In the six-day series “Generation Meth” last week, reporters Dennis Romboy and Lucinda Dillon Kinkead of Salt Lake City’s Deseret Morning News presented a comprehensive view into the lives of a growing number of young people in Utah – mostly young women – who are meth addicts, the newspaper says in an editorial. The series reported that methamphetamine use in Utah is overwhelming law enforcement, child welfare agencies, and drug-abuse treatment centers. On a personal level, it is destroying the lives of users and the lives of their children. The paper says the “solution lies in more resources for all segments of society touched by this problem and a collaborative approach to prevention, treatment, law enforcement and drug interdiction.”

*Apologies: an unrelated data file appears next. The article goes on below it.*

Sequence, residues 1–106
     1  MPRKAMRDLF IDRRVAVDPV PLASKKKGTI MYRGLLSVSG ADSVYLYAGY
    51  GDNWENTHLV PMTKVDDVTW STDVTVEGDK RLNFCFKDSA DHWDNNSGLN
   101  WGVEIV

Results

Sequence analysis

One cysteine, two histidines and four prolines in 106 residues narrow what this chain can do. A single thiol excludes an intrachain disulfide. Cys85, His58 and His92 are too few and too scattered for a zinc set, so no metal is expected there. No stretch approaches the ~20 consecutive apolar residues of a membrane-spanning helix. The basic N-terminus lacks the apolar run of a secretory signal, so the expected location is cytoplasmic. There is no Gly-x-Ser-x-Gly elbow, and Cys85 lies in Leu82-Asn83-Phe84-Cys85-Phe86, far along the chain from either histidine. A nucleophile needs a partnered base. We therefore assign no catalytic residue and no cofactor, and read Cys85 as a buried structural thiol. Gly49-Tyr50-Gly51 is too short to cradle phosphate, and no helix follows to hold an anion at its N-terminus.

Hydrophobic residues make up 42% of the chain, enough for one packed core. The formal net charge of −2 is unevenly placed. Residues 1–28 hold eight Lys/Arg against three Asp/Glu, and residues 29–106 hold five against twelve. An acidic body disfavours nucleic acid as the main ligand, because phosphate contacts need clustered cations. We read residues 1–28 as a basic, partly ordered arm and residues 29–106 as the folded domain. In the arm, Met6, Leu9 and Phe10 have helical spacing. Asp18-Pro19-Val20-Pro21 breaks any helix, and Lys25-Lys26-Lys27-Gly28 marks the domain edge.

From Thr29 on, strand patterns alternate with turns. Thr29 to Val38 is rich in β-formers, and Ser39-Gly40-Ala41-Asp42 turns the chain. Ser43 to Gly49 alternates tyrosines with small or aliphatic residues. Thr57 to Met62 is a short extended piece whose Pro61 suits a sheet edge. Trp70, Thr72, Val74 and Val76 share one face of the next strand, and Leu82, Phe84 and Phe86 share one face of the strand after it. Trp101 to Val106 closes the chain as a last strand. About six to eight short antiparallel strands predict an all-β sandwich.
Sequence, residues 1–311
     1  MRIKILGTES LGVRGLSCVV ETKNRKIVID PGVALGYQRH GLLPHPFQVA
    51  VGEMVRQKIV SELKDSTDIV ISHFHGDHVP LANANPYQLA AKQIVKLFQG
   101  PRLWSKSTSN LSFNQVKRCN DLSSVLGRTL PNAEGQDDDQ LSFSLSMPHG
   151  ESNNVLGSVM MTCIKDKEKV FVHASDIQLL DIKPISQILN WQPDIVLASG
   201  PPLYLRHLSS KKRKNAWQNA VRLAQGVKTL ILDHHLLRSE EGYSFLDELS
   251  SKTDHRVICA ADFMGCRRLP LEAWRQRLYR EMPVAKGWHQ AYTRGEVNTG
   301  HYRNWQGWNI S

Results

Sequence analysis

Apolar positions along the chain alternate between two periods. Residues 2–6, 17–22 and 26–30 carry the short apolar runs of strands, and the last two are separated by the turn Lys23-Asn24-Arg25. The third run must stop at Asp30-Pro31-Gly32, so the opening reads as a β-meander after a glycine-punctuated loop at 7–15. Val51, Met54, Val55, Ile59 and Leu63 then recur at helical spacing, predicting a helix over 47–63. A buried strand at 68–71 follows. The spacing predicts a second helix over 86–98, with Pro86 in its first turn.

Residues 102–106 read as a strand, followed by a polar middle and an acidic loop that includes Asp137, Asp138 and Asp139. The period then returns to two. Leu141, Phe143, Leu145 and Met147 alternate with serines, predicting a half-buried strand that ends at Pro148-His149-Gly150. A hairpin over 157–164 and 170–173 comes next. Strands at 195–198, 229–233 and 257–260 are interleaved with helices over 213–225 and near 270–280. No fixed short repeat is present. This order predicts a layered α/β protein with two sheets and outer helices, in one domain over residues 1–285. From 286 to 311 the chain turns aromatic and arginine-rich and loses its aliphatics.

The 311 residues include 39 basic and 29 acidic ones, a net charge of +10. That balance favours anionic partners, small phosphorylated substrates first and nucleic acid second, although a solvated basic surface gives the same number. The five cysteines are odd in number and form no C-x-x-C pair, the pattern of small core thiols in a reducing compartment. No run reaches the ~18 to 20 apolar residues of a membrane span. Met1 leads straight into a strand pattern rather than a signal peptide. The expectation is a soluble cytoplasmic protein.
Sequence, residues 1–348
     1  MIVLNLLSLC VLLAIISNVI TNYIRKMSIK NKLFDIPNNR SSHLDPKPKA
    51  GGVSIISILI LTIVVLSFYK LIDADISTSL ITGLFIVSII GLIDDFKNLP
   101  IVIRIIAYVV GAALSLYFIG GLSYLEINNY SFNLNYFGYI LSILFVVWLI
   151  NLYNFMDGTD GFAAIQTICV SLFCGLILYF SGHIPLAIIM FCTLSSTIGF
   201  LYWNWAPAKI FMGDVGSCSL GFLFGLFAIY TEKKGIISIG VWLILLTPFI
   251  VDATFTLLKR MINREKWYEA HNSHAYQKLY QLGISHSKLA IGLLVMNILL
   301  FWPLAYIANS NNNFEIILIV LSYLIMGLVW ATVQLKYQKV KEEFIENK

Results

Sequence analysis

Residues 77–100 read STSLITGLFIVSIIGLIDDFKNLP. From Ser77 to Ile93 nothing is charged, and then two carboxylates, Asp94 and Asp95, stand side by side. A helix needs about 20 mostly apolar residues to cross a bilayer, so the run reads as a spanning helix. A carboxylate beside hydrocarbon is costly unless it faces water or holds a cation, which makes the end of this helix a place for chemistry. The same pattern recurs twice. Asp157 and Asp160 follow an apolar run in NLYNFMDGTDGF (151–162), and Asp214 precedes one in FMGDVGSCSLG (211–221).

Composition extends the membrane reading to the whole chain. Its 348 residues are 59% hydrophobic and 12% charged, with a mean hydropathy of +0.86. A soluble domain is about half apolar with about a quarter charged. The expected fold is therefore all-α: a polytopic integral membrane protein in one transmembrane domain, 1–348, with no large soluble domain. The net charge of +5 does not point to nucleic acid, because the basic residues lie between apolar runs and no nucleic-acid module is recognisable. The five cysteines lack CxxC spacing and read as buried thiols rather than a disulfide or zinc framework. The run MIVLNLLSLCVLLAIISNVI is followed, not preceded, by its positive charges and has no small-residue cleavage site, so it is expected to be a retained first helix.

The editorial says that public substance-abuse treatment centers need more beds, particularly the programs that strive to keep children with their mothers. The Division of Child and Family Services needs more resources to help children who are abused and neglected because their parents are addicts. The division needs more services for these children as well as the adults who shelter and foster them until permanent placements can be arranged. Law enforcement needs more money for drug interdiction efforts as well as the latest equipment to help protect public safety workers to bust and take down meth labs. Drug courts need to be expanded; substance abuse agencies need more money for prevention efforts. The issues posed by the meth generation are unlike other problems the Utah Legislature face because they impact so many aspects of society from cradle to grave. The horrors of methamphetamine addiction do not confine themselves to the user. Lawmakers must address meth across the board.